1877 Science professors begin to specialize in one or two subjects instead of teaching a multitude of quasi-related courses and the administration begins to seek faculty with Ph.D.’s.

1878-1879 Mechanics is added to the curriculum

1880-1881 The College purchases the Wilder Cabinet collection for the Lyceum of Natural History.

1888 The Department of Chemistry and Physics separates into two departments.

1893 The Thompson Laboratories are built.

1896 The Honor System is implemented at Williams College.

1899 Jesup hall is built.

1902 President of Williams College Henry Hopkins implements a new curriculum based on group system.

1903 Botany is separated from Geology and becomes part of the Biology department.

1903-1912 The Physics Department publishes lab manuals on various topics.

1905 A valuable collection of tertiary fossils is added to Clark Hall.

1905 There is an 80% increase in staff of the sciences, and the College over all, in order to decrease class size and maintain the quality of teaching.

1906 A new biology course, “Theory of Biology,” demonstrates growing acceptance and trend towards Darwinism.

1908 Clark Hall, home of the Lyceum of Natural History collection, is deemed unsafe and torn down. It is replaced with funds provided by Mrs. Bishop Potter.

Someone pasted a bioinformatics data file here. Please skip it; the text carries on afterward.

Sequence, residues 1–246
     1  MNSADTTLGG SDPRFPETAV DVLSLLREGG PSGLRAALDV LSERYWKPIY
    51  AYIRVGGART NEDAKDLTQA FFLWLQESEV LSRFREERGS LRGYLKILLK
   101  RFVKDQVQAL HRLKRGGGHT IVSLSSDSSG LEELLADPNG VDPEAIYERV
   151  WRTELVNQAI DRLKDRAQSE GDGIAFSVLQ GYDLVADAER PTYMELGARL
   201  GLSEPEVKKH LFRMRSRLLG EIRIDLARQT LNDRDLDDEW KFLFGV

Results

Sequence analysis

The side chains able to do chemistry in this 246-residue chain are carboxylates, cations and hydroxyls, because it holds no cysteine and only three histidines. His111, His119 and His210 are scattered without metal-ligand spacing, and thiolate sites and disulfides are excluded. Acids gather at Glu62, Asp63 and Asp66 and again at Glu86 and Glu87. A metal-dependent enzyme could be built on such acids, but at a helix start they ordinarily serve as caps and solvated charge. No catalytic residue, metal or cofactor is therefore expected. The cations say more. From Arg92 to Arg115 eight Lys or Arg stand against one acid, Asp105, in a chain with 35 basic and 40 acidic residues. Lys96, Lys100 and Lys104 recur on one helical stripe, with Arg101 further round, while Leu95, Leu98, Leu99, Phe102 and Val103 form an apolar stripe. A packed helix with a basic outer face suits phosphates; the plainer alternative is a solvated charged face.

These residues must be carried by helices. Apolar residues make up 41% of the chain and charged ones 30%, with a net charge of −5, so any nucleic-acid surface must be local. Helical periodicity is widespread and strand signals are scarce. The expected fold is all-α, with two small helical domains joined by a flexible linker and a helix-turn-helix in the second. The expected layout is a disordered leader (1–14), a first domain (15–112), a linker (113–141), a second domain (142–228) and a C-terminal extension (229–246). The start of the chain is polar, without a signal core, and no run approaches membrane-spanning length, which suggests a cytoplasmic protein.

1908 Hopkins Observatory is moved for the first time to make room for a dormitory.

1910-1911 President Garfield organizes departments based upon sciences and foreign languages. This system is similar to the Divisions that are created later in the century.

1912 The renovation of Thompson Chemical Laboratories begins.

1915 Thompson Chemical Laboratories is destroyed by fire just three years after renovations.

1916 Work begins on a new chemistry building.

1917 The College establishes Reserve Officer Training Corps. New courses are created in Military Art and Navigation. The College adopts Students Army Training Corps (SATC) which is taught largely by the science staff.

1920 The Geology major is created.

1924 A Plant House is presented to the College and named in honor of the Professor of Zoology Samuel F. Clarke.

1926-1927 Honors work is introduced into the College.

1931 Science Club lectures begin.

1933 The New England Intercollegiate Geological Excursion is held at Williams College.

1934 Mrs. Theresa B. Hopkins gives Hopkins Forest to Williams College as a memorial to her late husband, Amos Lawrence Hopkins.

1935 Hopkins Forest is turned over to the Government to be used as an experimental forestry station.